The word “transformational” was used frequently by leaders of historically Black colleges and universities to describe multimillion-dollar grants they received from philanthropist MacKenzie Scott. In most cases, Scott’s gifts to 22 HBCUs, ranging from $4 million for Voorhees College in South Carolina to $50 million for Prairie View A&M University in Texas, were the largest individual gifts those institutions had ever received.
Higher education leaders say the impact of these unrestricted gifts will be felt for generations and change the lives of students, faculty, staff and communities.
“One of the issues our HBCUs have is that they often don’t have the endowments that some of the other institutions have, so that when they get into financial trouble they don’t have something on which to fall back,” says Dr. Belle S. Wheelan, president of the Southern Association of Colleges and Schools Commission on Colleges. SACSOC is the regional accrediting organization serving many of the HBCU recipients of Scott’s gifts.
“Many of the HBCUs are also enrollment-driven so when enrollment decreases it puts them in a financial bind,” Wheelan adds. She explains that for accreditation purposes, “this is one of the challenges they have in meeting our financial stability standards, so [these gifts] should help keep them out of trouble.”
Dr. Aminta Breaux, president of Bowie State University (BSU) in Maryland, which received $25 million, says the funds will have “a huge impact” on all the institutions involved.
“This gift underscores the urgent need for support of higher education for marginalized communities, as well as BSU’s strong and distinctive position to make a dramatic difference.”
Breaux says the contribution will ensure the public institution’s long-term viability by “enabling investment in student financial support, advances in academic excellence and innovation, and substantial increases in the university endowment.”
In announcing the second round of contributions in December, Scott wrote that they included organizations and institutions that were addressing “long-term systemic inequities that have been deepened by the [COVID-19] crisis.” She noted those inequities include “education for historically marginalized and underserved people.” Most of the HBCUs were included in the second tranche of gifts, although several received contributions in both rounds.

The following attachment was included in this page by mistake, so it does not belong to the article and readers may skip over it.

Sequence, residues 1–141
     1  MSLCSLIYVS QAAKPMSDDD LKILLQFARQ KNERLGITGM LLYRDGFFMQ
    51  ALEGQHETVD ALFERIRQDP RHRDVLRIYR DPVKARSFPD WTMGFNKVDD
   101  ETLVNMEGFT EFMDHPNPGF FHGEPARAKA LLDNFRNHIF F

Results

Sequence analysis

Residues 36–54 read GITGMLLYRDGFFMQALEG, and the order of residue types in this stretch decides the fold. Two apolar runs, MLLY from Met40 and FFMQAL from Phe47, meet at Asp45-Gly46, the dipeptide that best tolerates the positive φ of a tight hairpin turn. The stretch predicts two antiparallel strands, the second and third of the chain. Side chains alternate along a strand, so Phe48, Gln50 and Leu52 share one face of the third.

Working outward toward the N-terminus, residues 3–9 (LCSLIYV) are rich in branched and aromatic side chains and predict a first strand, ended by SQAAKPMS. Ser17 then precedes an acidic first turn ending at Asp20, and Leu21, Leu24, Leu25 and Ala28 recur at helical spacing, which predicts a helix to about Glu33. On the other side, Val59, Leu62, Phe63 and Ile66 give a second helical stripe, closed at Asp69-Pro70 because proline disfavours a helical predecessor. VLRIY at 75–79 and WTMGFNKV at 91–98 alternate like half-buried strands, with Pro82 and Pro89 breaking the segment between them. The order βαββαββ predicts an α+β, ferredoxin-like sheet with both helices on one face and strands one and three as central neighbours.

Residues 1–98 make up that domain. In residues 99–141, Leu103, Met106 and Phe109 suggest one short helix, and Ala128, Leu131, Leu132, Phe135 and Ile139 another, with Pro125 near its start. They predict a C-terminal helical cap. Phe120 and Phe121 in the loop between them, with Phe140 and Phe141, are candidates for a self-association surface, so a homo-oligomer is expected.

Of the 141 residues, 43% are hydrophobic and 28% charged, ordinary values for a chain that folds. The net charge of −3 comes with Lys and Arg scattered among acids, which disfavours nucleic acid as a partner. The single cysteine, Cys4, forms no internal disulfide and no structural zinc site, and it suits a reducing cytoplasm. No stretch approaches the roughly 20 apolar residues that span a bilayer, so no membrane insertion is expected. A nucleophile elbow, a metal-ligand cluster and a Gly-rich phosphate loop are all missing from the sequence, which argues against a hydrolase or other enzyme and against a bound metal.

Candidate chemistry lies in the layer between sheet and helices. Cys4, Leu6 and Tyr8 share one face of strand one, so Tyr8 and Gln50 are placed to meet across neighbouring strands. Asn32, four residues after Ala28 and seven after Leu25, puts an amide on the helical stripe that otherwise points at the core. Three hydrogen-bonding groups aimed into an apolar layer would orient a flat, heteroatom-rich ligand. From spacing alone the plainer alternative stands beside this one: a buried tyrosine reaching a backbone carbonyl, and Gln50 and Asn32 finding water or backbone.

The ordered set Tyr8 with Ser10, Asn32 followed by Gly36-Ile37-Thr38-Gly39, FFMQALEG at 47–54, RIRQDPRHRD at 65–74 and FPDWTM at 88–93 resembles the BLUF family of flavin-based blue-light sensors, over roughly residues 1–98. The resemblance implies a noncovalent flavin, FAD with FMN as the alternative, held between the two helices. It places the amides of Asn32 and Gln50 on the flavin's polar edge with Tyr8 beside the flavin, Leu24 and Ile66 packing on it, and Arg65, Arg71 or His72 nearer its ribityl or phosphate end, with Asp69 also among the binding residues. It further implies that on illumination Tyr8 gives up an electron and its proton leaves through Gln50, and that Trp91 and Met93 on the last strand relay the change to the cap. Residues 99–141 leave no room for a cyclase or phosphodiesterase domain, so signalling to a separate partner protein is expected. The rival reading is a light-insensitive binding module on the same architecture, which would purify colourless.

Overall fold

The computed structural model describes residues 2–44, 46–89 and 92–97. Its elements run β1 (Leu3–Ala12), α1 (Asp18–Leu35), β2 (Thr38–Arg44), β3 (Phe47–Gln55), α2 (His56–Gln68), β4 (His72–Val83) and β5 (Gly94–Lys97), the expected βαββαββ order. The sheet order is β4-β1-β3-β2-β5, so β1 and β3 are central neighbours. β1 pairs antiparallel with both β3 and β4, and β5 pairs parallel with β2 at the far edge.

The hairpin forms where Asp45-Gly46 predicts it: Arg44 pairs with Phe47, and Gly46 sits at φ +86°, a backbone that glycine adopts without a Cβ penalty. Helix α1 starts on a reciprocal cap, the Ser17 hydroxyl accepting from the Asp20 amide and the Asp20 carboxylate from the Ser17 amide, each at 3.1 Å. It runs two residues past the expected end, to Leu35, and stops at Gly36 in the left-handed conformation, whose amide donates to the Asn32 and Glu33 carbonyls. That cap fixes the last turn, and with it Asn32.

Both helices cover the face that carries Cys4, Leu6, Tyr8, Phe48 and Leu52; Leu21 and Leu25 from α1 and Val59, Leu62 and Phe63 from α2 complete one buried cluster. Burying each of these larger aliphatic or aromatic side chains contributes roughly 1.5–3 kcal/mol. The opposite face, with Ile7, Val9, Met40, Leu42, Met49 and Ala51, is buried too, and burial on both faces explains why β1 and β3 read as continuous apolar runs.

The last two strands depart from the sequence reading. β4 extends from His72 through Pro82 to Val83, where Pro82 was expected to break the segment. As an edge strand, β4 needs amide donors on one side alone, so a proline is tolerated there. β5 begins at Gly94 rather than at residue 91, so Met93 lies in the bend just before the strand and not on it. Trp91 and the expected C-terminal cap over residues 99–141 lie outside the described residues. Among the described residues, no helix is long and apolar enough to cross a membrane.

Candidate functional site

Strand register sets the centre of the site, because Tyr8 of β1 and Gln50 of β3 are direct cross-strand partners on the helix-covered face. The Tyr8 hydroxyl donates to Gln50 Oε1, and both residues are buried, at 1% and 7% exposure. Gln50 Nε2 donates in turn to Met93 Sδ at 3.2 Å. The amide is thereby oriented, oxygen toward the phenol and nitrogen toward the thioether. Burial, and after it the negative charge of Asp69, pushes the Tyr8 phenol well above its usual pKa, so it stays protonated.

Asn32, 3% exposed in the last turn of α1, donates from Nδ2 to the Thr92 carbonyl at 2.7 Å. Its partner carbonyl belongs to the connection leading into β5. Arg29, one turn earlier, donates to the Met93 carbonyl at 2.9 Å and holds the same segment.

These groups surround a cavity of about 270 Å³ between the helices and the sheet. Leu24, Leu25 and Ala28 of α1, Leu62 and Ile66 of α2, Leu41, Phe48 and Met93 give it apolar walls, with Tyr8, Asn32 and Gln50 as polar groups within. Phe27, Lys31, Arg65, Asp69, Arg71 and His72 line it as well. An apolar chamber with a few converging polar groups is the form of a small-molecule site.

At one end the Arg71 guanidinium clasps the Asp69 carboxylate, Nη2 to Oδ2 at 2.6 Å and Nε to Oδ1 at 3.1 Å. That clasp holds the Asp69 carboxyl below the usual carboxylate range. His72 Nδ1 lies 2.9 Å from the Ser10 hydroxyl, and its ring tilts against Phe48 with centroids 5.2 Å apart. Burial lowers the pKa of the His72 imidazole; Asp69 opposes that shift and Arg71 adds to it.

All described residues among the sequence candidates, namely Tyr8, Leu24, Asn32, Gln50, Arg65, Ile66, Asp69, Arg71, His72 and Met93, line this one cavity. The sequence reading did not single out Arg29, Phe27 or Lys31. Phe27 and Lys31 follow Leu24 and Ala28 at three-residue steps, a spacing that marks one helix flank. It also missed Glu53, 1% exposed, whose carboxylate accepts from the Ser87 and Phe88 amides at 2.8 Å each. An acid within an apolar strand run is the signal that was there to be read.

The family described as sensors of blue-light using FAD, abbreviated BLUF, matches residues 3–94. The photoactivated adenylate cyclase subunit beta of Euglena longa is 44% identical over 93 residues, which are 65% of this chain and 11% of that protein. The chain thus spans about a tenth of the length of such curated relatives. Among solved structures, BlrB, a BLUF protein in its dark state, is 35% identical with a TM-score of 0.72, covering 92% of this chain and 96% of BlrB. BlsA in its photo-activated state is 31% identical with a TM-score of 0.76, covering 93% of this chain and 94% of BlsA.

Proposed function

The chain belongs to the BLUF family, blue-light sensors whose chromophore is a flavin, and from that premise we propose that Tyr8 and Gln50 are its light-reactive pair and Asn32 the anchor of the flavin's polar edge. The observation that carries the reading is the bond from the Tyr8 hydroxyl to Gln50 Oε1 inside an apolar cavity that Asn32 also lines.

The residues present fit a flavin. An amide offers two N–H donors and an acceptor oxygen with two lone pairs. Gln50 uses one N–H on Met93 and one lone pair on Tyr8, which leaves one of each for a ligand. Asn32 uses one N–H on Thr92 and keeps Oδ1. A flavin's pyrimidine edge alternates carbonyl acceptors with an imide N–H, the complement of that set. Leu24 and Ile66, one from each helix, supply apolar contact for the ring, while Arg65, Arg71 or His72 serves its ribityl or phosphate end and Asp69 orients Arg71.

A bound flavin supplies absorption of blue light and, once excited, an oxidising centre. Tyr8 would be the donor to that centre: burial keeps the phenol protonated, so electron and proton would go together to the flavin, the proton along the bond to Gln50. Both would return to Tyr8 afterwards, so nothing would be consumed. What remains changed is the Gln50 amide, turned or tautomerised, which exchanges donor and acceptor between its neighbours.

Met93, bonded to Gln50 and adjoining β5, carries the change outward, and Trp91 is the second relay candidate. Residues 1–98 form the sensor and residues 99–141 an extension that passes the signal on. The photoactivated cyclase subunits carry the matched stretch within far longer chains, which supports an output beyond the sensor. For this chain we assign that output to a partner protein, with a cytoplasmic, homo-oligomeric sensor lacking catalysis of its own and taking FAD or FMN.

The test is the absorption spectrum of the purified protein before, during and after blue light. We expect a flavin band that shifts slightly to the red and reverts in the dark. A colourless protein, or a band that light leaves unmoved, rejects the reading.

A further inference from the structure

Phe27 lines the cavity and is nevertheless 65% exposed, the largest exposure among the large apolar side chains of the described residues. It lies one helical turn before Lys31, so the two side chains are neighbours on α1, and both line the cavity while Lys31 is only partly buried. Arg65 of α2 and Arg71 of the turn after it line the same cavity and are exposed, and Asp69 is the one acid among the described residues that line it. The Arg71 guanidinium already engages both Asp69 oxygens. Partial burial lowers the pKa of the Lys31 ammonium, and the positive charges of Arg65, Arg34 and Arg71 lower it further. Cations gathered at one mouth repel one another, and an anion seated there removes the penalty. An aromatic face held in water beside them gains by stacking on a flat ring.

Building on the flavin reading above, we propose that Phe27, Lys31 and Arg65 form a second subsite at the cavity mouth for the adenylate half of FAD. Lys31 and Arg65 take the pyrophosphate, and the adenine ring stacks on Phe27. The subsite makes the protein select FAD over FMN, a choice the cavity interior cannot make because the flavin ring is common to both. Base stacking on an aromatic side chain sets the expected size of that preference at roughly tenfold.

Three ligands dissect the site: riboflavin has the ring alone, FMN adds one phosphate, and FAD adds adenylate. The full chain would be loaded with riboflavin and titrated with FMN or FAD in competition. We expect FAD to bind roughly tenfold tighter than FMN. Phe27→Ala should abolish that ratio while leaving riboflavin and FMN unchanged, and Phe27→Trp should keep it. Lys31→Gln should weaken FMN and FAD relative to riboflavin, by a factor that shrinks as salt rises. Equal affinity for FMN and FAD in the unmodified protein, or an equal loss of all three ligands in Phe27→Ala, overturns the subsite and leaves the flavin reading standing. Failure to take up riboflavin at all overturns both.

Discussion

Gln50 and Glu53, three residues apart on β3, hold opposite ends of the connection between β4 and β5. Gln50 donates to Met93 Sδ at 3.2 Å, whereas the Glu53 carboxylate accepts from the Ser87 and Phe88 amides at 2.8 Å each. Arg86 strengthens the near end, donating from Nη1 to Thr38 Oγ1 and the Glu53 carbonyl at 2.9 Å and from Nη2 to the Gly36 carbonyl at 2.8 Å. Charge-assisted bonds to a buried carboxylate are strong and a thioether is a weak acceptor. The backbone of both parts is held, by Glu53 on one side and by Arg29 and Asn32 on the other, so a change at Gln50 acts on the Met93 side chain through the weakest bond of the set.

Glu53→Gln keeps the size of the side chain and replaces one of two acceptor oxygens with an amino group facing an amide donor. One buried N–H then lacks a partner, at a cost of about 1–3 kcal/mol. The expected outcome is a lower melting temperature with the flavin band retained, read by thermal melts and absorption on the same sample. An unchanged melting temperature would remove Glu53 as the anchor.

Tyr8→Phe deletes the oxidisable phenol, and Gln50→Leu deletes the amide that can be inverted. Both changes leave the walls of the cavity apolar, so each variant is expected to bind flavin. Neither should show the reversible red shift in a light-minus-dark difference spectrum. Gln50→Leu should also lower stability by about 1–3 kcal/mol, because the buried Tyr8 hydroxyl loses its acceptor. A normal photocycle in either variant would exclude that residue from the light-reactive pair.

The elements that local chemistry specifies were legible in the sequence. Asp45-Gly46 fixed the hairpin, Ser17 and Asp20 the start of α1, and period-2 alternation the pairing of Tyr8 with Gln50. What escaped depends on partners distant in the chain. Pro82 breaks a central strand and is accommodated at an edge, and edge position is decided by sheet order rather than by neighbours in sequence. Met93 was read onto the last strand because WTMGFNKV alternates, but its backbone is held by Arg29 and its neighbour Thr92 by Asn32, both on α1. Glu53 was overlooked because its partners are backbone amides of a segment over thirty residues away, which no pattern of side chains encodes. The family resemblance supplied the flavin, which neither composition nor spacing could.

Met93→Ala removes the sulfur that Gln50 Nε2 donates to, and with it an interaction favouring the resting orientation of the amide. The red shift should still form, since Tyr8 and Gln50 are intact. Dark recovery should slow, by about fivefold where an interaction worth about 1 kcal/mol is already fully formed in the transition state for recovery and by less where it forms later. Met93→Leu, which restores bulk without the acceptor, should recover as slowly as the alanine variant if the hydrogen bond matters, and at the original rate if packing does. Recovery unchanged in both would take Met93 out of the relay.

Prairie View A&M University (PVAMU) received $50 million, the highest amount among the HBCUs, increasing the university’s endowment nearly 40% to $130 million. Dr. Ruth Simmons, Prairie View’s president, says, “Endowments, the source of which are private funds, provide considerable flexibility for universities to innovate and to move expeditiously to implement change.”
The size of the donation floored Simmons to the point that, according to a university web statement, she famously said, “At first I thought I had misheard the amount and I asked them to repeat it. They clarified and said it would be $50 — five-zero — million.”
As a former Ivy League president, Simmons has a unique vantage point.
“I would have celebrated a gift of that size even as president of Brown, with its large endowment,” she explained. “However, the fact that it will have such an out-sized impact at Prairie View naturally aroused strong emotions of incredulity on the one hand and gratitude on the other.”
Breaux and Simmons say helping to relieve the increased financial burden facing students and their families due to the pandemic is a priority.
Help for struggling students
At Bowie State, one of the concerns “was making sure that we are, first and foremost, providing scholarship dollars for our students,” Breaux says, explaining that, at the end of June, Bowie State returned more than $3 million in fees to students because of the state’s stay-at-home orders. However, many students didn’t have Wi-Fi access or adequate computer equipment in their homes. Although the federal CARES Act for COVID-19 provided helpful funding, Breaux says Scott’s gift will allow the institution to provide support for students beyond the pandemic.
“We have to continue to adjust,” Breaux says. “Not everyone does well in a virtual learning environment, so how do we help those students? We need to position ourselves for success beyond COVID-19. That’s where I see the gift from MacKenzie Scott being a huge help to build and sustain the successes that we’ve had.”
PVAMU students’ financial problems are also a paramount consideration in determining how the funds will be used.
“Our students have faced job loss, a range of insecurities, family needs, academic challenges due to online instruction, and other problems that often seem impossible to overcome,” Simmons explains. “We wanted, at the least, to make certain that students didn’t opt to discontinue their education because of the financial strain they are under.”